By Rachel Schnalzer
Design and illustrations by Jade Cuevas
Good morning, travelers. Instead of enjoying fancy dinners and romantic getaways, many of us will spend Valentine’s Day at home this year, as the pandemic continues to affect Southern California and beyond.
In the spirit of staying home and staying safe, this week I’m bringing you virtual Valentine’s Day destinations that will take you from northern Italy to a national park in Utah. As always, my inbox is open for virtual or nonvirtual travel recommendations — let me know if you’ve discovered close-to-home gems you’d like to share.
Note from our designer Jade Cuevas: All of the graphics in this newsletter double as Valentine’s Day postcards! To access printable versions of the art, click and download this PDF. Be sure to select the “double-sided” option when printing and, if you can, use thick card stock to create that classic postcard feel.
No worries about wasting precious color ink — printer-friendly grayscale versions of each Valentine’s Day postcard are also included. Don’t have a printer? You can download the images as you scroll through the newsletter and text them to your beau.
All imagery has been digitally collaged with artwork from the Metropolitan Museum of Art’s new Open Access initiative. This is, in my own way, a love letter to art. Happy mailing!
💑 Tour Romeo & Juliet’s hometown
“Two households, both alike in dignity / In fair Verona, where we lay our scene…”
Take a trip to fair Verona, Italy, the setting of Shakespeare’s “Romeo and Juliet,” with this virtual tour.
Verona expert Marina Sorina will take you to storied locations such as Casa di Giulietta (Juliet’s House), the Piazza delle Erbe and the Scaliger Tombs. And attention all literature lovers: The tour also includes a section about Dante and the time he spent in Verona.
Tickets for the live one-hour tour cost $13.99; private tours can be booked as well.
📖 Share your love story with a museum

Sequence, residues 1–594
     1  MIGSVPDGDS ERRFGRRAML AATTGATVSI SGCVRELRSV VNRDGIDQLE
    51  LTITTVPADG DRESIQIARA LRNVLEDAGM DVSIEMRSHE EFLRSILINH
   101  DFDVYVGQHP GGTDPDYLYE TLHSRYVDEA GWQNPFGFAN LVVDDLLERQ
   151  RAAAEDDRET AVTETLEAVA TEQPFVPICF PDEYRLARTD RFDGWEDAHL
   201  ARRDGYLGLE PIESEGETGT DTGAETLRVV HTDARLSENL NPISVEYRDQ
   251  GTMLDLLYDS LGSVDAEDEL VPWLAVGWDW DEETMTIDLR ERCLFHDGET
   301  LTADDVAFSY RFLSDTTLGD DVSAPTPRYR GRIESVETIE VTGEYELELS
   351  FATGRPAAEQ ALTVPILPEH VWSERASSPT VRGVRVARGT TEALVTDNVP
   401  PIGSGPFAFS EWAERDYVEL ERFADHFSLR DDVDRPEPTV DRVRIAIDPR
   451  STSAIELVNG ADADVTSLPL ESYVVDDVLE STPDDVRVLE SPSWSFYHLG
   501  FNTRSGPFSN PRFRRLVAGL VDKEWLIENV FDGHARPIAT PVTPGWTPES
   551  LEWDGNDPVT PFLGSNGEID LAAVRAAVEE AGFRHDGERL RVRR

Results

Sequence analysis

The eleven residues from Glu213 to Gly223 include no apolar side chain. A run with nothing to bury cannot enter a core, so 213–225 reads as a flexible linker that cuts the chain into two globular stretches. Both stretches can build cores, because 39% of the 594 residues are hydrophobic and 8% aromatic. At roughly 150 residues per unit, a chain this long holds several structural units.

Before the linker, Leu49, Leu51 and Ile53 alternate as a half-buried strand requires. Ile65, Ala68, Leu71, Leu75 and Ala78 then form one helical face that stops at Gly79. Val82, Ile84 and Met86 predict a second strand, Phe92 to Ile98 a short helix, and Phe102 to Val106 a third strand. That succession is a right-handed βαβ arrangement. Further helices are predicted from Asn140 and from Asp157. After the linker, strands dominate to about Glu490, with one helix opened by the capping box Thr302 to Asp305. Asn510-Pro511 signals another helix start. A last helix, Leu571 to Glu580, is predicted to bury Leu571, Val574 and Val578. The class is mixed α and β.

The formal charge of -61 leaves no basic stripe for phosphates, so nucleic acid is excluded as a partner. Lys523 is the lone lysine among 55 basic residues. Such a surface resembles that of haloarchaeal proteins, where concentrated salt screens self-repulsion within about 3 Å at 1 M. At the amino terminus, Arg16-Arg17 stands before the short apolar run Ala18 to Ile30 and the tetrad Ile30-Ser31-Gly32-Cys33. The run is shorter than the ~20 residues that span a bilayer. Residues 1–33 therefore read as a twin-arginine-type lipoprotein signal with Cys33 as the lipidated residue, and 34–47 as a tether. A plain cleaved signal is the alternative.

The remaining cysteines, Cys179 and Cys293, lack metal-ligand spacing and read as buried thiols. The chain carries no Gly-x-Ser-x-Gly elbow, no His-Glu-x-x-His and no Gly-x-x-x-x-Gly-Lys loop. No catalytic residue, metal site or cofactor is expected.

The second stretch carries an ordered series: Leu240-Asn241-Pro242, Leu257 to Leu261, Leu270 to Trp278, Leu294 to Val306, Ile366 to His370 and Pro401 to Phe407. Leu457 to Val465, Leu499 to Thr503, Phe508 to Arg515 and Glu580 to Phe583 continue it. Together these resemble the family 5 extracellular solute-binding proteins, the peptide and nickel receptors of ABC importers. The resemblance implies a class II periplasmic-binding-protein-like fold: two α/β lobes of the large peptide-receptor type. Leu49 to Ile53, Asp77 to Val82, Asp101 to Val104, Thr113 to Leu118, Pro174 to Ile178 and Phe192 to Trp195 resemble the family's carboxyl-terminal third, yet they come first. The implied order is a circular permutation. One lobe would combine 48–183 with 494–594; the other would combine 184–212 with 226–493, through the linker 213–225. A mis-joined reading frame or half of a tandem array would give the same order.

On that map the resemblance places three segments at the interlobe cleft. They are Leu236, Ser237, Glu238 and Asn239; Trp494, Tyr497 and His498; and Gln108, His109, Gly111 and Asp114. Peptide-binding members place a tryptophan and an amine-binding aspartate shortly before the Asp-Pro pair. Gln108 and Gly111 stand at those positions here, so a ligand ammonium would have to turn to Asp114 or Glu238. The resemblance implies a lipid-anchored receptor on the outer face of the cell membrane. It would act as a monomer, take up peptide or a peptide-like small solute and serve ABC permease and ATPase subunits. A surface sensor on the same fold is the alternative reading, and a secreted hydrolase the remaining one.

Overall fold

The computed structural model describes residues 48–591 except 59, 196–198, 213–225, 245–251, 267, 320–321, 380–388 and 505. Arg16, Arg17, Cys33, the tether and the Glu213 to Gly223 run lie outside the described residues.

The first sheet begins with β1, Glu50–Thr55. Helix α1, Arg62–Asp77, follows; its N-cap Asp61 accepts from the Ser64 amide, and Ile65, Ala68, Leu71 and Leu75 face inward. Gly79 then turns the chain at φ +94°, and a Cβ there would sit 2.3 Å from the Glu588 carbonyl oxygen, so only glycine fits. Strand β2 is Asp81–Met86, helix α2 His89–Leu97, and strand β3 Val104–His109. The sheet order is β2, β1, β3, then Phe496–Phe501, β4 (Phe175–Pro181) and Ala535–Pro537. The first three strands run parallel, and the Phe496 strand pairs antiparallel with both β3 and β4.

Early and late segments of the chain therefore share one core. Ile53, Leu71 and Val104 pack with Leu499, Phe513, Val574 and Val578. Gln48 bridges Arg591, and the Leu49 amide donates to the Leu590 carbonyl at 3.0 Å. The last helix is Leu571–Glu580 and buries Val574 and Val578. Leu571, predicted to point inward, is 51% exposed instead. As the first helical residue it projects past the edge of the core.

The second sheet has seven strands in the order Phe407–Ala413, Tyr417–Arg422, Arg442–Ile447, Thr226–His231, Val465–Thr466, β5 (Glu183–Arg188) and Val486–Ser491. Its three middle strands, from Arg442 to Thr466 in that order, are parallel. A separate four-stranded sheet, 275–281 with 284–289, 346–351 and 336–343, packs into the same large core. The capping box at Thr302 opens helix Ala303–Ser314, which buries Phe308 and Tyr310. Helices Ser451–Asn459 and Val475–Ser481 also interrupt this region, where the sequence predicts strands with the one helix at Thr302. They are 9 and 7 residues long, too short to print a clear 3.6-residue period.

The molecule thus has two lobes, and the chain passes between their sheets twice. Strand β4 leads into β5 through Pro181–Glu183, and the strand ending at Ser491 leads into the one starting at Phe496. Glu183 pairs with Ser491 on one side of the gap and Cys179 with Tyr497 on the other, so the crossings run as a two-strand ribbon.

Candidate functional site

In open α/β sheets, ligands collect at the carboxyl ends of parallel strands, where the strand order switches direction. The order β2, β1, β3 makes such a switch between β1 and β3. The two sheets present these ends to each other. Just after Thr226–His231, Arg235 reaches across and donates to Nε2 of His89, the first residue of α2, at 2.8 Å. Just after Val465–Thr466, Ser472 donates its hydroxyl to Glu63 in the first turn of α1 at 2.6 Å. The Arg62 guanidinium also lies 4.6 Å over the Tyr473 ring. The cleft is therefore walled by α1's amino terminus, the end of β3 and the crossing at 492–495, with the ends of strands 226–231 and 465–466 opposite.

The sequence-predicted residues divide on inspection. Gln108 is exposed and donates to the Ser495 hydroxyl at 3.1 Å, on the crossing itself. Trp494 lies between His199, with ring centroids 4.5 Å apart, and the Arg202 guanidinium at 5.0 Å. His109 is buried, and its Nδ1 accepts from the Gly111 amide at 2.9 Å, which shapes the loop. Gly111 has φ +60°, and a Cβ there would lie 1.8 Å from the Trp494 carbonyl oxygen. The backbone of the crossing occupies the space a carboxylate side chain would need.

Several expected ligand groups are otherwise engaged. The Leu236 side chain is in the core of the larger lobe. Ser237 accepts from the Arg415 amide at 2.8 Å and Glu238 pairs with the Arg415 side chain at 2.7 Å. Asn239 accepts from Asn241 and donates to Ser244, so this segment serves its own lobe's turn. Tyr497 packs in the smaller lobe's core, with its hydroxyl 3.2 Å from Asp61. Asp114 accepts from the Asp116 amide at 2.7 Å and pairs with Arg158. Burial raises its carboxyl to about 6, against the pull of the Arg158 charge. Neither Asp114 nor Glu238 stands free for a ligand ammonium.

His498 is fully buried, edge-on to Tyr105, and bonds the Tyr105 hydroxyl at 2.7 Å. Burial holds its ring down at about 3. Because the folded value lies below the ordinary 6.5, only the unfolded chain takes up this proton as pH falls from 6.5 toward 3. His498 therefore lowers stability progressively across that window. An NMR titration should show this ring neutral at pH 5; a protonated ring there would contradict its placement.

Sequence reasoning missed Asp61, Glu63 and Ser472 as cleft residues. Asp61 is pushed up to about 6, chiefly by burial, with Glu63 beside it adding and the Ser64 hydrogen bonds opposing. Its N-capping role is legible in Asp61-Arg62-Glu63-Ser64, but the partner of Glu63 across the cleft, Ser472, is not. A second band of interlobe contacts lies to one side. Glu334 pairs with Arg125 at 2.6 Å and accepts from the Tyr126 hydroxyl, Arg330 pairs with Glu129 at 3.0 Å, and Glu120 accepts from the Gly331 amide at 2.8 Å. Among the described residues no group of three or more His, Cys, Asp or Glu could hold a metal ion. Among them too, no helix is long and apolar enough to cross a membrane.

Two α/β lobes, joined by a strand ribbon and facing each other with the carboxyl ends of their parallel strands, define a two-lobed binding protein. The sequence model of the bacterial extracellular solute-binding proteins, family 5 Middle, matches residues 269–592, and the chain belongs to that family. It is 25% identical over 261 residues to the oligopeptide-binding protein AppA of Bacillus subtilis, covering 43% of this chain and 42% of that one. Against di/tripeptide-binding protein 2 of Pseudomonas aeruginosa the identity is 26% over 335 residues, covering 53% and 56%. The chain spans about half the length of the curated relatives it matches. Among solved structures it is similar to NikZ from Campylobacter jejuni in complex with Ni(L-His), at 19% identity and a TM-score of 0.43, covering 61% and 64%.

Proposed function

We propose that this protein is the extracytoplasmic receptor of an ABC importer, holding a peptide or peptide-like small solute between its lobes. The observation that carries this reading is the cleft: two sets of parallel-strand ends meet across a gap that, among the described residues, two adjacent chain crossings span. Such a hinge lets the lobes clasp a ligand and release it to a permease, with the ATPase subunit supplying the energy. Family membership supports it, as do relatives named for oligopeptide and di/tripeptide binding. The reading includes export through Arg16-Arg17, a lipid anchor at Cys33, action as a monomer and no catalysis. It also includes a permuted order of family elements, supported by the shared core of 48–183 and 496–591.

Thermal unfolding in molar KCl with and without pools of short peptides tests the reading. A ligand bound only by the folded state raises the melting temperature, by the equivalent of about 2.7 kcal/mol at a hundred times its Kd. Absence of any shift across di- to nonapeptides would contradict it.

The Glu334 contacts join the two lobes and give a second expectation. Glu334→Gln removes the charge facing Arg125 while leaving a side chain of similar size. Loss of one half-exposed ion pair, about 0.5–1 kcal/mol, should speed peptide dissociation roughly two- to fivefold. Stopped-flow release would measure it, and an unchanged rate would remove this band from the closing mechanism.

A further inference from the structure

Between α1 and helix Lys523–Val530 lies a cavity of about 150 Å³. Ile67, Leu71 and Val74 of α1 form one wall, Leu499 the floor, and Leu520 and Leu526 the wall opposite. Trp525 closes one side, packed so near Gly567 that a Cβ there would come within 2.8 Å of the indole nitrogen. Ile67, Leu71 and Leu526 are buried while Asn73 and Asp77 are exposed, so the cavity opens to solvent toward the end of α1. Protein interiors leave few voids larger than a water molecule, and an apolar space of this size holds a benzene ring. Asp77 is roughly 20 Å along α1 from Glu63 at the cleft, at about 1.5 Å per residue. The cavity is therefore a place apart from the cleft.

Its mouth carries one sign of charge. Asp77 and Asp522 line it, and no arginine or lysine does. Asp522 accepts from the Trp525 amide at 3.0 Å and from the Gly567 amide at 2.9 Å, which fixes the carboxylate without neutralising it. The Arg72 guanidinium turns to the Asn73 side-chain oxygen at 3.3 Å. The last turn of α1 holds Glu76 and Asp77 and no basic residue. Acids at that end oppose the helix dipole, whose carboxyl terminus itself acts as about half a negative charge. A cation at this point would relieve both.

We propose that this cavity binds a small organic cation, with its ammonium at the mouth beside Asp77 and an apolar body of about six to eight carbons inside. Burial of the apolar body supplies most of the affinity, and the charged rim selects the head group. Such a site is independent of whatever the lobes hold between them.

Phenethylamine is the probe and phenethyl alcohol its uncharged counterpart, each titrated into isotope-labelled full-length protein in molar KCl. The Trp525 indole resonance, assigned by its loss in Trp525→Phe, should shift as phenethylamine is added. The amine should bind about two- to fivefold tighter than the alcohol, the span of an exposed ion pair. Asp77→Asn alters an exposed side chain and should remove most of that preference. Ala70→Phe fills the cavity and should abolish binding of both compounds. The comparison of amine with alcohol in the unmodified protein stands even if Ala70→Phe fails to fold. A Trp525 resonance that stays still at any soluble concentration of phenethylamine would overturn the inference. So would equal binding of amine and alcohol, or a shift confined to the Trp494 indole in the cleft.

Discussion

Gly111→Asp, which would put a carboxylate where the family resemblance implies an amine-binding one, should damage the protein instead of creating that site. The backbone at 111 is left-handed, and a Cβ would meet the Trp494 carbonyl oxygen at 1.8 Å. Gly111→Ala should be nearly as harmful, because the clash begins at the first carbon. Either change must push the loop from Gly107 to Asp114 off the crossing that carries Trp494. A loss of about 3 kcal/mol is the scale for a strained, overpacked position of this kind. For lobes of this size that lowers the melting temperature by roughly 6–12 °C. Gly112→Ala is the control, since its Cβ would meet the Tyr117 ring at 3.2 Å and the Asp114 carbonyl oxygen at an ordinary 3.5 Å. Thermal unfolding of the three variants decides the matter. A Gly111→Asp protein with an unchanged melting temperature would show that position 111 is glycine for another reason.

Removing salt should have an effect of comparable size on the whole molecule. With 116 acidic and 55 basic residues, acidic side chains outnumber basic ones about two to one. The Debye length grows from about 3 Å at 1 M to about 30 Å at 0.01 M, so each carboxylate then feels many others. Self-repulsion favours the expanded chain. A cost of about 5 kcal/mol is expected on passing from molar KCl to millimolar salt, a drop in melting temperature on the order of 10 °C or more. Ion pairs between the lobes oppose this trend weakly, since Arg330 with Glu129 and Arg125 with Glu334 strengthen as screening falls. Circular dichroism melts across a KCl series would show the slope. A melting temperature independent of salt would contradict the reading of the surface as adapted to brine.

Dubrovnik, Croatia, has more to offer than its impressive Old Town and “Game of Thrones” film tours. It’s also home to the Love Stories Museum, which includes exhibitions on the romantic myths of Old Dubrovnik and the history behind famous love songs.
Although planning a vacation to Croatia isn’t recommended right now (U.S. citizens are banned at least through Feb. 15), you can still engage with the Love Stories Museum by sending your personal love story for possible inclusion in its collection.
Who knows — maybe in a year or two you’ll visit Dubrovnik and see your love story immortalized in the museum.
⛰️ National parks are for lovers
I get goosebumps when I see marriage proposals, whether in some jaw-dropping destination abroad or right here in L.A. You can experience that feeling over and over again with this video created in 2013 by the U.S. Department of the Interior.
Titled “The coolest Valentine’s Day video you’ll watch all day,” it shows a montage of couples getting engaged on public lands across the country, from Haleakala National Park in Hawaii to Cape Hatteras National Seashore in North Carolina.
“As stewards of America’s National Parks, Wildlife Refuges and other public lands, we get to see many wonderful events on a daily basis,” the video’s description reads. “None of which are more exciting than when we see visitors using our Nation’s public lands for their most memorable moments.”